By noon the next day, rumors about Magic were already circulating on local radio and TV, and when he walked into the Laker locker room at just after 2 P.M., he was met by 11 distraught teammates. "Breaking the news to my teammates was the most emotional experience of this entire ordeal," Johnson wrote in SI. "Everyone was crying, including me."
"He told us we had to stay strong for him," said teammate Byron Scott in the L.A. Times. "The way he handled it shows the type of person he is, but it didn't make it any easier for the people who love him."
There were lots of those in Lansing, Johnson's hometown. It was Christine Johnson, 56, Earvin's mother, who gave Greta Dart the news. Greta and her husband, Jim, Magic's first basketball instructor, were his unofficial godparents. "He was one of seven at home," says Jim, "and with his dad working late, outplace was like a sanctuary to him." The Darts tell how Earvin used to mow their lawn, bring pants over for Greta to hem, bug them for rides and invite himself to dinner whenever he didn't I like the food at home. "We couldn't help but fall in love with him," says Greta.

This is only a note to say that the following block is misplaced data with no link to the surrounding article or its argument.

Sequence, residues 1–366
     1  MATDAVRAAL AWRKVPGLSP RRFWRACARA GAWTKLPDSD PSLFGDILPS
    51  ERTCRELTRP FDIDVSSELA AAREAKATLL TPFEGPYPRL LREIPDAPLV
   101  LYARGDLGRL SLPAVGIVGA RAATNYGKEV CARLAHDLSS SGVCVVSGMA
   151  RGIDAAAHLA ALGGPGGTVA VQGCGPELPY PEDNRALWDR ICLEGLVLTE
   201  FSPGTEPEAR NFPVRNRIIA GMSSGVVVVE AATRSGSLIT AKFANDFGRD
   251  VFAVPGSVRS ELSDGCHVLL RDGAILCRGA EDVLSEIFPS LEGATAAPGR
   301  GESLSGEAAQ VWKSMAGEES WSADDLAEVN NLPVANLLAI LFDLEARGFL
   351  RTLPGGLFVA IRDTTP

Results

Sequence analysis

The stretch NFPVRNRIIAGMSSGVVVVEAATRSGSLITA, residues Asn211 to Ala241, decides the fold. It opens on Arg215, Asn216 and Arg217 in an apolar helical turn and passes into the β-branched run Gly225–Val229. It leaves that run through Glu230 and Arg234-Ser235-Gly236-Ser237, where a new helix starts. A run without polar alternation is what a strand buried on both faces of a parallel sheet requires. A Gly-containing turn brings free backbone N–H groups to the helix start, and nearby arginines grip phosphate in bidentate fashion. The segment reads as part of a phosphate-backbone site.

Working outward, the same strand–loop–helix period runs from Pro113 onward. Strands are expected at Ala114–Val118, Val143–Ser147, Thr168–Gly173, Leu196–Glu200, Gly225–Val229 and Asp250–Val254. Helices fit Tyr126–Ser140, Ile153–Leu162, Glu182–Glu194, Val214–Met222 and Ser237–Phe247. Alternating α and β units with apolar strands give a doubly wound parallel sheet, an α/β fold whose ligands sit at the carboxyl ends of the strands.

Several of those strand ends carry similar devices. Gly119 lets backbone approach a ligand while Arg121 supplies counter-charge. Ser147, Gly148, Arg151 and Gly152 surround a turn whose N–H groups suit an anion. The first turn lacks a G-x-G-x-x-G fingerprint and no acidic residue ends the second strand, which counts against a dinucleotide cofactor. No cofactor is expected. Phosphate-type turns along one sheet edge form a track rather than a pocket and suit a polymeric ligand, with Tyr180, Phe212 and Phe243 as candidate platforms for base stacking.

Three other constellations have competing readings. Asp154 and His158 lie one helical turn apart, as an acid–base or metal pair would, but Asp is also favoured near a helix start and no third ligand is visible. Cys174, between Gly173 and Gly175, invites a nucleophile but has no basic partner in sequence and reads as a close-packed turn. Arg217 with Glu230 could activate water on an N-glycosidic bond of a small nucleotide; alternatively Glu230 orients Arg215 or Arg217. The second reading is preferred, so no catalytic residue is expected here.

Across town, Dale Beard, 31, the best man at Johnson's wedding, tells how Magic called him the day before the news conference. Noting that Magic had missed the first three Laker games, Beard, a hotel security guard, jokingly asked if he was planning on sitting out the season. Magic quietly told him the news.
Dale says he talked with Magic for 45 minutes and that his old friend showed a little of the fear he has chosen not to reveal in public. "He said he knows there will be a time when he's down and he'll need someone. I told him, 'Hey, I'm here. I always will be.' "